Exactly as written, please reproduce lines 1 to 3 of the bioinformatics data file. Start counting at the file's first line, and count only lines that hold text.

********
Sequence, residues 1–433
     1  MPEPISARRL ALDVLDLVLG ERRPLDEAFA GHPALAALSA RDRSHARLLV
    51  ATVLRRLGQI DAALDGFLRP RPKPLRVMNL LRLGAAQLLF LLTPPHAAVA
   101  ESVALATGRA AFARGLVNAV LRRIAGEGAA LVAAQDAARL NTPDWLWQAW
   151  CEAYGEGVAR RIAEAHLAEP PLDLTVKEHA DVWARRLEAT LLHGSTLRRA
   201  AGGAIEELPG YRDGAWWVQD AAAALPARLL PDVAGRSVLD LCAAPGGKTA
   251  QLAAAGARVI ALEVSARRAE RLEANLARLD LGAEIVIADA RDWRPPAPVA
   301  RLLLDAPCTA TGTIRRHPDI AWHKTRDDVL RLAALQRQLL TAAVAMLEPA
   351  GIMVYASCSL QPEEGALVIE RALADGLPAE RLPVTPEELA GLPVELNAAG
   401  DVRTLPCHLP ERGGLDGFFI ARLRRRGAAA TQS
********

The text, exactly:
Sequence, residues 1–433
     1  MPEPISARRL ALDVLDLVLG ERRPLDEAFA GHPALAALSA RDRSHARLLV
    51  ATVLRRLGQI DAALDGFLRP RPKPLRVMNL LRLGAAQLLF LLTPPHAAVA